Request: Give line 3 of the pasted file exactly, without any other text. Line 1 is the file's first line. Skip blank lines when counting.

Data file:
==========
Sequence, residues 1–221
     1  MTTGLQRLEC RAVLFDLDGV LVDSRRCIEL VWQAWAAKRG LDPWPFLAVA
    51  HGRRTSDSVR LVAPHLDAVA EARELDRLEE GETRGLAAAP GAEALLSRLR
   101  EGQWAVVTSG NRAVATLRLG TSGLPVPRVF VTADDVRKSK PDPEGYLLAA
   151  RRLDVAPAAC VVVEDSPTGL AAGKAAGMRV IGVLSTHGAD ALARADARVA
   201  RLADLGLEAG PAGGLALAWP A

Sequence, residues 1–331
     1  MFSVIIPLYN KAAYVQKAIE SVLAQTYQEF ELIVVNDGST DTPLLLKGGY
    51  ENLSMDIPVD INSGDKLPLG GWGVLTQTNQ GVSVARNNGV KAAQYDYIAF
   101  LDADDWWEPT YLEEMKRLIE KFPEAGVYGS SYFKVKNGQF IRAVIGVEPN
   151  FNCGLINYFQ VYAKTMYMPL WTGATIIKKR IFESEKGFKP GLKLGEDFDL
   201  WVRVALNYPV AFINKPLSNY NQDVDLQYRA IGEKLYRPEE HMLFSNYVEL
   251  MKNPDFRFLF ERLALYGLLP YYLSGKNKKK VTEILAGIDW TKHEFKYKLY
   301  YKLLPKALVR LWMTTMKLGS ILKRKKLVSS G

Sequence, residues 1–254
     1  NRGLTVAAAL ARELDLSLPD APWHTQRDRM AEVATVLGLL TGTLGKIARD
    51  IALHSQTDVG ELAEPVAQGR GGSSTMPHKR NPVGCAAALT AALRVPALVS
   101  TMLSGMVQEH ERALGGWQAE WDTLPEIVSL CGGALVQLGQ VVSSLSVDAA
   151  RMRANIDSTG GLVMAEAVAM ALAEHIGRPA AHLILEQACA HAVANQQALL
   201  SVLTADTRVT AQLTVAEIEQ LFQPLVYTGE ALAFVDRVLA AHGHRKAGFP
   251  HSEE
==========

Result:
    51  HGRRTSDSVR LVAPHLDAVA EARELDRLEE GETRGLAAAP GAEALLSRLR